Data-Base Management
Procedure a retailer uses to gather, integrate, apply and store information related to a specific subject area. Involves use of customer data bases, vendor data bases, product category data bases etc.

Data Bases (Illustrative)

Customer data bases-Purchase frequency, items bought, avg. purchase, demographics, payment methods etc. Vendor data bases- total retailer purchases per period, total sales to customer per period, most popular items, retailer profit margins, avg. delivery time and service quality

Data Bases (Illustrative)

Product Category Data Bases: Total category sales per period, retailer profit margins, percentage of items discounted etc.

Steps in Data-base Management


Plan the particular database and its components and determine information needs Acquire the necessary information Retain the information in a usable and accessible format Analyze the data base for organization purposes Update the database regularly

Data Warehousing
The data warehouse is where information is collected, sorted and stored centrally Components of a data warehouse:
1. Data warehouse, where data are physically stored

2. Software to copy original databases and transfer them to warehouse 3. Interactive software to allow enquiries to be processed 4. Directory for categories of information kept in warehouse.

Data Mining

Data Mining: In-depth analysis of information to gain specific insights about customers, product categories, vendors etc. Relies on special software to sift through vast amounts of info. in a data warehouse to uncover patterns and relationships b/w different factors

Micro Marketing

Application of data mining whereby retailer uses differentiated marketing and develops focused retail strategy mixes for specific customer segments, sometimes fine-tuned for the individual shopper.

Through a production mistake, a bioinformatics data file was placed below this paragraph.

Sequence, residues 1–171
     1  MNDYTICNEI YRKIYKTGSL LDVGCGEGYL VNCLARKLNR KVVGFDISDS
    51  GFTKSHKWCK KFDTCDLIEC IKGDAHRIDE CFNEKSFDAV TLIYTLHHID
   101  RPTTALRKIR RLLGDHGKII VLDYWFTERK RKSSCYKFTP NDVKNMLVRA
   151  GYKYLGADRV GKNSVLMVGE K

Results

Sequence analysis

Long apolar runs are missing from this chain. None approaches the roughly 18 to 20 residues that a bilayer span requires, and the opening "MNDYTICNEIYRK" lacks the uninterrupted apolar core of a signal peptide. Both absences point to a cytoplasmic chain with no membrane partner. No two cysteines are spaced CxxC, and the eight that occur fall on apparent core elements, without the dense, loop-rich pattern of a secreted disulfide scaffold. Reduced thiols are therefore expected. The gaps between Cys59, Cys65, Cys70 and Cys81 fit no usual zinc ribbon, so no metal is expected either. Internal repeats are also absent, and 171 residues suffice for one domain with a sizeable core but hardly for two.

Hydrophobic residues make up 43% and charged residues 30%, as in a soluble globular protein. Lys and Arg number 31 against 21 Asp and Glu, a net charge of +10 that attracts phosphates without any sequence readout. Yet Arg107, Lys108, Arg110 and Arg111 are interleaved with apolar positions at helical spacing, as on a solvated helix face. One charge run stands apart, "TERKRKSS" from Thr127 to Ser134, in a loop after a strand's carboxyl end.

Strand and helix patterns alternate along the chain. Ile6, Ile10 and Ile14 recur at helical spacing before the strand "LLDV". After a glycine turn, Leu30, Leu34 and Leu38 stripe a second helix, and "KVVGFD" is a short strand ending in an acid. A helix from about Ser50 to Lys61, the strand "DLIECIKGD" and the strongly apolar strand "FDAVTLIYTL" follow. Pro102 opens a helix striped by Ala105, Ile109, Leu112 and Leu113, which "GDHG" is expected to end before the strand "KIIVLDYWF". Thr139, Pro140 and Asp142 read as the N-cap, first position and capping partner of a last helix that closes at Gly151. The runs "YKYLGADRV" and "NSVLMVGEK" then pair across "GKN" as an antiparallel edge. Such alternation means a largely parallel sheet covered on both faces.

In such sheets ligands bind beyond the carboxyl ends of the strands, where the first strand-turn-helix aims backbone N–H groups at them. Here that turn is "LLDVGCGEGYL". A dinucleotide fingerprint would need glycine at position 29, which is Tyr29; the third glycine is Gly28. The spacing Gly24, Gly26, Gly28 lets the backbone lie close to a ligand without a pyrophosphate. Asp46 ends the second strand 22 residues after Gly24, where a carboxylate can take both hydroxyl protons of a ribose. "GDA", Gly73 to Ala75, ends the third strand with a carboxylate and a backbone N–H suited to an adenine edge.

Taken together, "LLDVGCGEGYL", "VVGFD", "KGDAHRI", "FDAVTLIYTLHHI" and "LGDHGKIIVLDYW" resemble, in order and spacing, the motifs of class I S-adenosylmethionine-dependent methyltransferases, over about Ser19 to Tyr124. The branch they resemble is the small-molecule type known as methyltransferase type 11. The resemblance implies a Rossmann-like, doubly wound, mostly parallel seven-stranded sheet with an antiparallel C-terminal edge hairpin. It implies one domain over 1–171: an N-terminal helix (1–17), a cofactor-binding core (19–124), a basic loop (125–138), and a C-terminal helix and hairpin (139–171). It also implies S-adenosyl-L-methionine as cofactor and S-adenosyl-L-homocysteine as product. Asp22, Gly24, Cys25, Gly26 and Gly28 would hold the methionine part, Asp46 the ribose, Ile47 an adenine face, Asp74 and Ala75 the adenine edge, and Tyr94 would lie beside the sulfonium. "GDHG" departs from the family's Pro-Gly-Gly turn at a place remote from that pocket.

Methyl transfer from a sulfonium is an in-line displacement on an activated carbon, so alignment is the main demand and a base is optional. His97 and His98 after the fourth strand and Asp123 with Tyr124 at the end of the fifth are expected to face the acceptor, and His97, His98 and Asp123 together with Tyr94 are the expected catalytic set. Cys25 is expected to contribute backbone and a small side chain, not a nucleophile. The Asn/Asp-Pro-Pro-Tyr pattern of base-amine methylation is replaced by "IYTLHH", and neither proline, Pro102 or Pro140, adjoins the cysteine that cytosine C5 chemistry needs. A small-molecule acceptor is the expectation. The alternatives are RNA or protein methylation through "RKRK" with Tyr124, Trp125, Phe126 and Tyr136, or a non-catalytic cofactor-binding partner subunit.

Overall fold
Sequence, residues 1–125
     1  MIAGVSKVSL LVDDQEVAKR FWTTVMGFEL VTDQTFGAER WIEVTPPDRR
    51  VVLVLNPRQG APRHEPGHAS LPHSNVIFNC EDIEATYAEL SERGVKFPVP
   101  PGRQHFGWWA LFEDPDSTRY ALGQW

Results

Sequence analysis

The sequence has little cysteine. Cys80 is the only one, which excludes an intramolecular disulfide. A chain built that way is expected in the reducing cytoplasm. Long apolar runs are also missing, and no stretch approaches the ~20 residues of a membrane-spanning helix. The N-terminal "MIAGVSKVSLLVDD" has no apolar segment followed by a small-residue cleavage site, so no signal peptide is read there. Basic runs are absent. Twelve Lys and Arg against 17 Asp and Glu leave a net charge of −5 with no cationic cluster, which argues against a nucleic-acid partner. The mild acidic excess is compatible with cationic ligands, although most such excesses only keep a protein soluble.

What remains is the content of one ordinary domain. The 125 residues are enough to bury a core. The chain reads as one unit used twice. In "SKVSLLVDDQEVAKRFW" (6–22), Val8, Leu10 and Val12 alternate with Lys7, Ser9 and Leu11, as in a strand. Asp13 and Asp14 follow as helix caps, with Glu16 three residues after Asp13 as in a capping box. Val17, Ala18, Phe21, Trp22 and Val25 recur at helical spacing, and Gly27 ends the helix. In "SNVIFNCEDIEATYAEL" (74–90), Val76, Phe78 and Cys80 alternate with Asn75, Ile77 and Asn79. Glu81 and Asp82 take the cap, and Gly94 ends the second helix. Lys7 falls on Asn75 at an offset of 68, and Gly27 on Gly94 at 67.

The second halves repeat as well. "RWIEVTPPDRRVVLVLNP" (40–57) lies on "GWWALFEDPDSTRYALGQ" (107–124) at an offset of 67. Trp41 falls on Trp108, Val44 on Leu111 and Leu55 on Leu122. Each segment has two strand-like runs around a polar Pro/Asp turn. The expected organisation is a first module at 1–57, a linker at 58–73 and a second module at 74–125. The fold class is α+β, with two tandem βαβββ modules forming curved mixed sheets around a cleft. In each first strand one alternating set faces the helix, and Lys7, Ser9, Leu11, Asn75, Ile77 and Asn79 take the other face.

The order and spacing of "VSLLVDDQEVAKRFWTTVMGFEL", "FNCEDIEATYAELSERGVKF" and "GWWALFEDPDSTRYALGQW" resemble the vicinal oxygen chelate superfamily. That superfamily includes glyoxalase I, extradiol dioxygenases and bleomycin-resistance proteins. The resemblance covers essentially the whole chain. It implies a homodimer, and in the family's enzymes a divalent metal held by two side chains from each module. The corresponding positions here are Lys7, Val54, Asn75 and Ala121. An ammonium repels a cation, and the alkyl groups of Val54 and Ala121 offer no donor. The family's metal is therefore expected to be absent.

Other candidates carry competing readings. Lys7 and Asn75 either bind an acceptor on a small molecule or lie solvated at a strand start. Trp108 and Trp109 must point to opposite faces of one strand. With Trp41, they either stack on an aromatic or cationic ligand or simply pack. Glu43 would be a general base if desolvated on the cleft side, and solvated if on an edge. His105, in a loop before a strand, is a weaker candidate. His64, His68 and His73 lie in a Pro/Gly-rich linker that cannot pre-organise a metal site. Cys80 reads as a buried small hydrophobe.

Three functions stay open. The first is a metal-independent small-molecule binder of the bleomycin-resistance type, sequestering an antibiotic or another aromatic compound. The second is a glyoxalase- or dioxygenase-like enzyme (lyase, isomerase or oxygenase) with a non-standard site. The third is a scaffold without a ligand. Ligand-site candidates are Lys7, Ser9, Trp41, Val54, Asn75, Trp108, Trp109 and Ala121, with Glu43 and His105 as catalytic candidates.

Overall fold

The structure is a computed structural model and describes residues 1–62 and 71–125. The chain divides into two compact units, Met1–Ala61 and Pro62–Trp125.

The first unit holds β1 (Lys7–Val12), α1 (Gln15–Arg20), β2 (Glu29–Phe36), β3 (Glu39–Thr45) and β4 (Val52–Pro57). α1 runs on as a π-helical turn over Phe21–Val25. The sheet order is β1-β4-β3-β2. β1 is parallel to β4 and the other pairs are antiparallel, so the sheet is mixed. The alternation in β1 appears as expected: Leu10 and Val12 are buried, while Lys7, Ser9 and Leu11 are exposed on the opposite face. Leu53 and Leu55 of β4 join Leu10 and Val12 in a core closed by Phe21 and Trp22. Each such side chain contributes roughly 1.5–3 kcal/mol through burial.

Types of Information Systems


RIS can be divided into 4 basic types 1. Transaction Processing Systems (TPS) : Used to facilitate customer transactions and other routine business processes (e.g. EPOS systems, payroll and employee record keeping). Critical to operations. Forms major input into other systems

Types of Information Systems (contd.)


Management Information Systems (MIS): To assist middle managers in their monitoring, controlling and decision-making activities. - Provide routine summary or exception reports (usually from transaction data from TPS indicating firms current performance) either in the form of a report or online access. -Usually involve pre-specified questions, simple summaries and comparisons.

Types of Information Systems (contd.)


Decision Support Systems (DSS): An IS designed to assist manager in non-routine semi-structured or unstructured decisions. -Combines use of models and data from various sources. -Allows user to conduct a what-if analyses by changing the assumptions underlying various components of the decision

Types of Information Systems (contd.)


Executive Support Systems : Designed to support senior managers responsible for making strategic decisions- non-routine and require information about trends in the external environment as well as internally. - Incorporates information both from MIS and DSS and external data about economic, competitive and regulatory environment etc.